Cybersecurity: Queen opens centre to protect against attacks
- 14 February 2017
- From the section UK
The Queen was shown how hackers could target the UK's electricity supply as she opened a centre to protect the nation from cyber attacks.
The National Cyber Security Centre - part of intelligence agency GCHQ - started work in October as part of a £1.9bn five-year strategy.
Staff in Victoria, central London, will be joined by experts from the private sector to help identify threats.
NCSC chief Ciaran Martin said: "We want to make the UK the hardest target".
The secondments to the centre by 100 private sector employees will be funded by their own companies.
Announcing the initiative, Chancellor Philip Hammond said the "best and the brightest in industry" will help "test and to challenge the government's thinking" in cyber security.
He added: "Government cannot protect business and the general public from the risks of cyber-attack on its own. It has to be a team effort. It is only in this way that we can stay one step ahead of the scale and pace of the threat that we face."
There were 188 cyber attacks classed by the NCSC as Category Two or Three during the last three months.
And even though the UK has not experienced a Category One attack - the highest level, an example of which would have been the theft of confidential details of millions of Americans from the Office of Personnel Management - there is no air of complacency at the NCSC's new headquarters.
Ciaran Martin, the centre's chief executive, told the BBC: "We have had significant losses of personal data, significant intrusions by hostile state actors, significant reconnaissance against critical national infrastructure - and our job is to make sure we deal with it in the most effective way possible."
As well as protecting against and responding to high-end attacks on government and business, the NCSC also aims to protect the economy and wider society.
The UK is one of the most digitally dependent economies, with the digital sector estimated to be worth over £118bn per year - which means the country has much to lose.
It is not just a crippling cyber-attack on infrastructure that could turn out the lights which worries officials, but also a loss of confidence in the digital economy from consumers and businesses, as a result of criminals exploiting online vulnerabilities.
A sustained effort was required by government and private sector working together to make the UK the hardest possible target, officials say.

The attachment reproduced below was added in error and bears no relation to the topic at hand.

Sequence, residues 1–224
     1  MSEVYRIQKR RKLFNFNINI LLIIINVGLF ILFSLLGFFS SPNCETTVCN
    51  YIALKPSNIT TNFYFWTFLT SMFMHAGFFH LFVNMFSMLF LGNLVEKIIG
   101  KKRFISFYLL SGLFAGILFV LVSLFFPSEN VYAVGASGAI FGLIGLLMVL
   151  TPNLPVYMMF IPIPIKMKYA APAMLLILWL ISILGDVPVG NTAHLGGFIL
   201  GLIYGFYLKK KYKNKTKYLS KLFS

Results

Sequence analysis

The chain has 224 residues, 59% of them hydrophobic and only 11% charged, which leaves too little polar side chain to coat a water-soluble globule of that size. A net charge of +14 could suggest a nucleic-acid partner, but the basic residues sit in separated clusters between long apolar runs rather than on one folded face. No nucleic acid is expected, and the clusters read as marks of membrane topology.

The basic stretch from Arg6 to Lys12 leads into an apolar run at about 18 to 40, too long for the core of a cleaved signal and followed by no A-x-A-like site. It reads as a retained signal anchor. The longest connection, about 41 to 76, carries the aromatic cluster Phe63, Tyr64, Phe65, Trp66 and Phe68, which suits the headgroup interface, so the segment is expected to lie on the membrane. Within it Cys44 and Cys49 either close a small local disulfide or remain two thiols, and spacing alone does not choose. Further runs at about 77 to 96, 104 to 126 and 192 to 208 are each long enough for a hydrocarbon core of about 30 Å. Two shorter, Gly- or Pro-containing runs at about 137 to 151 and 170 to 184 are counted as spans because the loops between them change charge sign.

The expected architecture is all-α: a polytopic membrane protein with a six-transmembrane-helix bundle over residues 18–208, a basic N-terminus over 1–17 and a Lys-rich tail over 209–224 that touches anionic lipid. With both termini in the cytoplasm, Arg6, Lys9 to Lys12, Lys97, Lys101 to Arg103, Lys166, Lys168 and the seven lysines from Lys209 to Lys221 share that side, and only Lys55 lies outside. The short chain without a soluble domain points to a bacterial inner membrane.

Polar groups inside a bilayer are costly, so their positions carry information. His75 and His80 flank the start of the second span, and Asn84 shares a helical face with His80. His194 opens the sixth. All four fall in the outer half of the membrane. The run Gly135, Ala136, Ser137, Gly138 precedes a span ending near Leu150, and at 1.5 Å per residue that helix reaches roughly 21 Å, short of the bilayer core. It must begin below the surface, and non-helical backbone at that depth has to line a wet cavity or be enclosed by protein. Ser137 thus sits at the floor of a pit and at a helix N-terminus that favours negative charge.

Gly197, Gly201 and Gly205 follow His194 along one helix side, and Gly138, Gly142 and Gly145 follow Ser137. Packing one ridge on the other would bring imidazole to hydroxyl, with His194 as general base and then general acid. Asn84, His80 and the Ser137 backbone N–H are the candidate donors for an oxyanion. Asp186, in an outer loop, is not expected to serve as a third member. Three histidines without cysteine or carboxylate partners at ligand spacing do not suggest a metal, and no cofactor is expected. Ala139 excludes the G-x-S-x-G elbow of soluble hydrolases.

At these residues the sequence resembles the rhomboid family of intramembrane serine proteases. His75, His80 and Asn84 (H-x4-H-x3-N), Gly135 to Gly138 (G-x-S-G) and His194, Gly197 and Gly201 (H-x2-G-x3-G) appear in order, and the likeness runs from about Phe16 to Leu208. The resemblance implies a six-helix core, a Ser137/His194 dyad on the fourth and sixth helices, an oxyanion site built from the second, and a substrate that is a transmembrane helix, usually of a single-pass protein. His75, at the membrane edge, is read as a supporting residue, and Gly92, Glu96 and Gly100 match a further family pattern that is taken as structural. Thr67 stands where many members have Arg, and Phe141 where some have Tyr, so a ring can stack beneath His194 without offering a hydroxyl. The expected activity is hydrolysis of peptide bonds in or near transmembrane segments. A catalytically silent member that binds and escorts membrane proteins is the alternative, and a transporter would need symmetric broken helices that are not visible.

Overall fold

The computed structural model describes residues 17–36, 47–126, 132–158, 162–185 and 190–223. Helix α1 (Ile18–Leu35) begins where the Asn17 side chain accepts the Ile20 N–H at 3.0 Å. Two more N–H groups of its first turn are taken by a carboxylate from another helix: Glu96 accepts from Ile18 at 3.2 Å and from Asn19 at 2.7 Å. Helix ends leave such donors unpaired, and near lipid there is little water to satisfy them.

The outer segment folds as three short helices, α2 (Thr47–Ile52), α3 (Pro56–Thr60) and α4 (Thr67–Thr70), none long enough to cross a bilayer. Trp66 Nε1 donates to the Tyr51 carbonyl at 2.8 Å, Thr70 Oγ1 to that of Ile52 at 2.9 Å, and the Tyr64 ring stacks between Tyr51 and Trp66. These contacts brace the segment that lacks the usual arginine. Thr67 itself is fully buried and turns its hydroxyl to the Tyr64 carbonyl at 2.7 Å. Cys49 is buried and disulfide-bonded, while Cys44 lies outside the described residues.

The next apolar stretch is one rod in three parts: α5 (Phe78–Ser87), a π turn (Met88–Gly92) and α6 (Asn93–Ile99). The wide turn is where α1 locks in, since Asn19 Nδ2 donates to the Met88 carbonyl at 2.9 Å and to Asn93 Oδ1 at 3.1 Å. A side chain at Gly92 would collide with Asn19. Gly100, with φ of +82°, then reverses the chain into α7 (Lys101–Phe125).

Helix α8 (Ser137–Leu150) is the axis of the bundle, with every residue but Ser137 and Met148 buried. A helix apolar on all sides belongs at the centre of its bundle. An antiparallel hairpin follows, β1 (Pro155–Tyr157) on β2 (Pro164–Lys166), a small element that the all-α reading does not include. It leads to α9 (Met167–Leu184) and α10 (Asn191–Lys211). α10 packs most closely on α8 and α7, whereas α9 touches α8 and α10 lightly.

Russia has been the focus of recent concern, following claims it used cyber-attacks to interfere with the recent US presidential election.
"I think there has been a significant change in the Russian approach to cyber-attacks and the willingness to carry it out, and clearly that's something we need to be prepared to deal with," Mr Martin said.
French and German officials have warned of the possibility of interference in their upcoming elections, but the NCSC's head said there was no evidence that a significant attack or compromise had yet taken place against the UK democratic process.
"There has been an identifiable trend in Russian attacks in the West, in terms of focusing on critical national industries and political and democratic processes," Mr Martin added.
"And so it follows from that that we will look to be sure we are protecting those sectors in the UK as well as we possibly can."
The centre will be working on a voluntary basis with political parties and giving advice to high-profile individuals - including MPs - on how to protect their sensitive data.
The UK is already targeting computers in other countries being used for cyber-attack, particularly if there is no possibility of prosecution or for co-operation with authorities where the hackers are based.
"In the most serious cases, we have lawful powers where we can go after the infrastructure of adversaries - the infrastructure that people use to attack us - and we would do that in some of the most serious cases several dozen times a year," Mr Martin said.
In the past, UK cyber protection was largely situated within GCHQ in Cheltenham, which was criticised by businesses and others as overly secretive.
The NCSC aims to be more public facing and accessible. It will also protect a far wider range of sectors, rather than just government and national security-related industries, like defence.
GCHQ will still be the parent body for the NCSC, meaning it can draw on the intelligence agency's skills and capabilities.
Sometimes, the intelligence arm of GCHQ spots compromised networks as it watches adversaries move across the internet.
It was through this type of work that GCHQ spotted the compromise of the US Democratic Party's information by Russian hackers, which it then informed US authorities about.
The NCSC is working on trial services to pro-actively discover vulnerabilities in public sector websites, help government departments better manage spoofing of their email, and take down tens of thousands of phishing sites affecting the UK.
"We're actively working to reduce the harm caused by cyber-attacks against the UK and will use the government as a guinea pig for all the measures we want to see done by industry at national scale," says the NCSC technical director, Dr Ian Levy.
He says results would be published openly to enhance collaboration. The centre will be publishing some of its code as open source, so that others can use the techniques.